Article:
Descriptive statistics of herd data for the two herds included in a study on vaccination with Startvac® for the 12-months period preceding the start of the trial
Number of cows
Average milk yield, kg ECM/cow/year
Arithmetic average bulk milk SCC/ml
Proportion of cows veterinary-treated for clinical mastitis (%)
Study design including farm data registration and milk sampling
Vaccinations were performed during a 12-months period starting in October 2010. Cows with uneven eartag numbers were vaccinated three times according to the manufacturer’s instructions, i.e. 45 days before expected calving, 35 days after the first vaccination, and 62 days after the second vaccination. Cows with even eartag numbers were not vaccinated and constituted the control group. For practical reasons a deviation from the vaccination protocol was done in herd A, the first vaccination was performed during the period 45–60 days before expected calving. On both herds vaccination was performed on one or two specific weekdays for practical reasons.
All heifers and cows present in the herds 6 months before the start of the trial were included in the study. The farmers registered all animals in an Excel document at the latest 45 days before expected calving. Information on group (vaccinated or control), expected calving day, day of actual calving and milk SCC at the first 4 monthly milk recordings after calving was registered for each cow. When occurring, day of VTCM, and day and cause of culling, was also registered. The file was sent every 3 months to the first author via e-mail. From all cows included in the study aseptic quarter milk samples were taken from affected udder quarters when CM or SCM were suspected during the first 4 months after calving. The samples were sent the same day via postal mail to the National Veterinary Institute (SVA), Uppsala. After culturing and identification of bacterial growth according to accredited routines at the laboratory, the results were registered in the SOMRS database.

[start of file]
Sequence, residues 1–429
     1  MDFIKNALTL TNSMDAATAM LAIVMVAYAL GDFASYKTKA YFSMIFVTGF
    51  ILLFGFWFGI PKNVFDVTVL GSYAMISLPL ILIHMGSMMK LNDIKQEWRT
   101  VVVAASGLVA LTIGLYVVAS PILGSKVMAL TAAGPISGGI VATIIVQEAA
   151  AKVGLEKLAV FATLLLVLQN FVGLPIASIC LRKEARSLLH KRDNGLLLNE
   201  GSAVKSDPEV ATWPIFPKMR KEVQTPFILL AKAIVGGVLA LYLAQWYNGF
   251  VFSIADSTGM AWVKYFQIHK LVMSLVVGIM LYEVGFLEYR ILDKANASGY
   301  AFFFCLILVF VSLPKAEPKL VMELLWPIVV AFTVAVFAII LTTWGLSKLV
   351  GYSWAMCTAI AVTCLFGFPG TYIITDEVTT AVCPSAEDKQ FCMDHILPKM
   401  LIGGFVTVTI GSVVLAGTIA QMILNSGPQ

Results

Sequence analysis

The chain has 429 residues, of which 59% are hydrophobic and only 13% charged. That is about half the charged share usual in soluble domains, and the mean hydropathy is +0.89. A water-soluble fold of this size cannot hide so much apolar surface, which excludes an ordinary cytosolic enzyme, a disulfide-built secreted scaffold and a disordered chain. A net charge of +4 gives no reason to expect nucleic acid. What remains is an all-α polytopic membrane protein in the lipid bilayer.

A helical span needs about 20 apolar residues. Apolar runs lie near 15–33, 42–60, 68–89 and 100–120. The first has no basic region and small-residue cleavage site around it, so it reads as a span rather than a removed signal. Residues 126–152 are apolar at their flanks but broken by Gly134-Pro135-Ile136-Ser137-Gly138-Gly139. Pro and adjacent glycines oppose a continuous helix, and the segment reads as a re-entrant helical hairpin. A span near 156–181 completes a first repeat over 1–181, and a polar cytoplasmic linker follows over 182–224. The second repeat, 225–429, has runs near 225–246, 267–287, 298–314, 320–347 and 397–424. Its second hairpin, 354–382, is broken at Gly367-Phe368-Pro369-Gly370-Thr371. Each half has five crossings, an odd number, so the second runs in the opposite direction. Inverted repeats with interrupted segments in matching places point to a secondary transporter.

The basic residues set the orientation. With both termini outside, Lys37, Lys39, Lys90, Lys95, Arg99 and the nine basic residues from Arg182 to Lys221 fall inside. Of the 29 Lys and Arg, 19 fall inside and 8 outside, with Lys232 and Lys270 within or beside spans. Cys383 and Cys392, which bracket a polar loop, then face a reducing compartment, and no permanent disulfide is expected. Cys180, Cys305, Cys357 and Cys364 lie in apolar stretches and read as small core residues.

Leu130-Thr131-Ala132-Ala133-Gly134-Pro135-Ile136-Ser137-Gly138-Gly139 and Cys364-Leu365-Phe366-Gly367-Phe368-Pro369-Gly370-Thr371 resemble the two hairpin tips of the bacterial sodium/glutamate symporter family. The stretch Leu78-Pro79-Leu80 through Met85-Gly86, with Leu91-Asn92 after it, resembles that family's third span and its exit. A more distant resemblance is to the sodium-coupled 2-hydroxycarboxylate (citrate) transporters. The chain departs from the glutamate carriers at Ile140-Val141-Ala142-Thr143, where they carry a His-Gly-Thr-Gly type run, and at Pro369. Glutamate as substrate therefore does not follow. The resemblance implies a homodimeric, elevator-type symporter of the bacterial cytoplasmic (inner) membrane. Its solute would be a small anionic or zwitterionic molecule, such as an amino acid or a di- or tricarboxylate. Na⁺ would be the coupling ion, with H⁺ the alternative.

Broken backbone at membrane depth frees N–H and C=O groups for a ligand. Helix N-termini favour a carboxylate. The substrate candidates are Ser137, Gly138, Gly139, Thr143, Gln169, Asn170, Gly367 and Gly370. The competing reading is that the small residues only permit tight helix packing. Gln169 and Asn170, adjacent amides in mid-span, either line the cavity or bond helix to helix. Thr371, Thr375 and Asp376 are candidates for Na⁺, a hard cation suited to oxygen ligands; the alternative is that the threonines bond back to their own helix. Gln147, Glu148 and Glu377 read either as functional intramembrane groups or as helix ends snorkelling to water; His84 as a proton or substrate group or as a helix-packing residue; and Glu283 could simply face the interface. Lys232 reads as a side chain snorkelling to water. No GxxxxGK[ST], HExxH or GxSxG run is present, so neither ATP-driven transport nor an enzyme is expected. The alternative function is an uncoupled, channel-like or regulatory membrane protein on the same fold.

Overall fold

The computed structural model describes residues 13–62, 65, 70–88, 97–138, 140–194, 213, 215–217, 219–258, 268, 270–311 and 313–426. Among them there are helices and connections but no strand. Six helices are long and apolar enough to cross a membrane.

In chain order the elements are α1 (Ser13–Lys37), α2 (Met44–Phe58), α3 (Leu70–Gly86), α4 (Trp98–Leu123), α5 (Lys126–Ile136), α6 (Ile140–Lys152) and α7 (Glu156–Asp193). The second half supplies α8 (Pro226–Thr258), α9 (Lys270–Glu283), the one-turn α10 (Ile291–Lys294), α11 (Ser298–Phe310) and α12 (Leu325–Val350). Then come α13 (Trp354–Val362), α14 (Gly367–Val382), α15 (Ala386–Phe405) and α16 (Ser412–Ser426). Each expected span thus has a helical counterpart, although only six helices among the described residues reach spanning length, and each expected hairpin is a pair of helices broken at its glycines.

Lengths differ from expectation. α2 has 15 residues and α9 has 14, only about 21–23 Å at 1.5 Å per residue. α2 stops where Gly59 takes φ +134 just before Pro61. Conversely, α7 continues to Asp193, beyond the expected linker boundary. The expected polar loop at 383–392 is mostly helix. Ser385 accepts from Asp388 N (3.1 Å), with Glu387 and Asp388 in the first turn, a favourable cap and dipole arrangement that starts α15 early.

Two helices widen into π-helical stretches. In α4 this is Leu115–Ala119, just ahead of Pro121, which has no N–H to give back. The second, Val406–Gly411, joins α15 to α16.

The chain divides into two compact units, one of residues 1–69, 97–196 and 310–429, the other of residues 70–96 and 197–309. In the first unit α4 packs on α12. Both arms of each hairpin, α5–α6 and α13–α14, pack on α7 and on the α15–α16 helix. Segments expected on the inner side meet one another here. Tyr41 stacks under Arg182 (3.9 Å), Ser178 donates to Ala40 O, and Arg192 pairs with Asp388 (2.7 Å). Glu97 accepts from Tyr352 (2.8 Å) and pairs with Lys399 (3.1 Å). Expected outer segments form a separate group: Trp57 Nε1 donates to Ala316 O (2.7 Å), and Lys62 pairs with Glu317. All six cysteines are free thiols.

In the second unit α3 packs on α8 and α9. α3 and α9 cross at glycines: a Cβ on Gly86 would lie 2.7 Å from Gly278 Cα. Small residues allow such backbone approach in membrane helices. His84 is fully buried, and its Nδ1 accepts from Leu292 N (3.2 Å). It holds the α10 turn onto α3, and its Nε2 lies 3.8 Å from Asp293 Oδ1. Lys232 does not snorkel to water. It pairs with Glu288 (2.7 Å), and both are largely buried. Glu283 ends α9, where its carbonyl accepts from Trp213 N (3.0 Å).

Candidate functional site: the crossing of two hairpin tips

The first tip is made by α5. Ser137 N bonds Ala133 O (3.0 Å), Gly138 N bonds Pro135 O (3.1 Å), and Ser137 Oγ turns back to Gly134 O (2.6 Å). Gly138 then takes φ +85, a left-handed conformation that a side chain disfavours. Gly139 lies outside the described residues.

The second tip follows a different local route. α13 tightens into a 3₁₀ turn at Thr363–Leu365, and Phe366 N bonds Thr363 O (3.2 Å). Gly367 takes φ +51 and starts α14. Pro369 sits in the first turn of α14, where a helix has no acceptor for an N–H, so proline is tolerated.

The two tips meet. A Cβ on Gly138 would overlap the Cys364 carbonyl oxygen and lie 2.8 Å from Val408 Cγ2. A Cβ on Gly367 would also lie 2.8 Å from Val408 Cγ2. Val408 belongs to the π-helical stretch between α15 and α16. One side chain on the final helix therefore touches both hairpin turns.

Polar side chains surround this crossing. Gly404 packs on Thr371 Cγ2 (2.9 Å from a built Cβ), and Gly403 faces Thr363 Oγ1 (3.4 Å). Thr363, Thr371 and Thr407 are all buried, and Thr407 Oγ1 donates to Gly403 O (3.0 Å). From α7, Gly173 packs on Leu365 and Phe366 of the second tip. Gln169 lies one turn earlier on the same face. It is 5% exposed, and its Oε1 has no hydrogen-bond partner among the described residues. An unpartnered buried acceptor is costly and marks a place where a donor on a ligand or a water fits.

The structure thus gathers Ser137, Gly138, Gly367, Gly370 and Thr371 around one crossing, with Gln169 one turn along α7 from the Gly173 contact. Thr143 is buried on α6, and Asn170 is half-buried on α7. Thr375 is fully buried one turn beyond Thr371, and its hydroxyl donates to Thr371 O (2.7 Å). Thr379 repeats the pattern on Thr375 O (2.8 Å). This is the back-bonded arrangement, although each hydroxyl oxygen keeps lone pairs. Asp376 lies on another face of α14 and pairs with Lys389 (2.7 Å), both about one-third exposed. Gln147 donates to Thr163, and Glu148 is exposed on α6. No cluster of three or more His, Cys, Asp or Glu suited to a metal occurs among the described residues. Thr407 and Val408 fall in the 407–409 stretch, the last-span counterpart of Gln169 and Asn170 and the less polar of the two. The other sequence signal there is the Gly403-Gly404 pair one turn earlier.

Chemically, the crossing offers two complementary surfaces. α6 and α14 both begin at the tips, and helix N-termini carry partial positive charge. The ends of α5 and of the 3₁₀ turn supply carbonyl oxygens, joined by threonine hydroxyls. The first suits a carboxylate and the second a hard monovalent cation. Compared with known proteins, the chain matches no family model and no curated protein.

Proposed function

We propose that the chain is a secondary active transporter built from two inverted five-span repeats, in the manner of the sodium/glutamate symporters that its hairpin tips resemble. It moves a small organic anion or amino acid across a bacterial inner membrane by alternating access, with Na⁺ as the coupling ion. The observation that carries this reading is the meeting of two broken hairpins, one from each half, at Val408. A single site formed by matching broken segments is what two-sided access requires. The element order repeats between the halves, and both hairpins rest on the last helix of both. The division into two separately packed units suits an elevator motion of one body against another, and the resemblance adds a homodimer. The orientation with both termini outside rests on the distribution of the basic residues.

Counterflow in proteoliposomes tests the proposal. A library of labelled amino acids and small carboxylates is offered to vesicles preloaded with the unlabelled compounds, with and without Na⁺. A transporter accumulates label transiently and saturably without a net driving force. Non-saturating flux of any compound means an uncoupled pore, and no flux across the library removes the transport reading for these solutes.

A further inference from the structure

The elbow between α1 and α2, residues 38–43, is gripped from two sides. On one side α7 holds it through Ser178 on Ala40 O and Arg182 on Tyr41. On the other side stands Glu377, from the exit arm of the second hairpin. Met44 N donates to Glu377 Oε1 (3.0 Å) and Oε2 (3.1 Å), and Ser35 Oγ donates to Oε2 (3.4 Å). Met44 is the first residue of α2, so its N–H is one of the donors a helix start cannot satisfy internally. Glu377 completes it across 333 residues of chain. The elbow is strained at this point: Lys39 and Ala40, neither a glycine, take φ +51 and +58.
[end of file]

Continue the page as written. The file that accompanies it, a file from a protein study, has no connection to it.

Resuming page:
Collection of additional data
For cows included in the study, individual cow data (such as breed, lactation number, calving dates, genetic merit for milk production, monthly milk recording data on daily milk yield and SCC, culling, results from culturing of milk samples) from 6 months before the start of vaccination until 1 year after the end of the vaccination period (November 2012) was collected from the SOMRS.
Data editing and statistical analyses
Data editing and statistical analyses were performed using Stata (Stata Statistical Software: Release 9.2; College Station, TX, USA: StataCorp LP).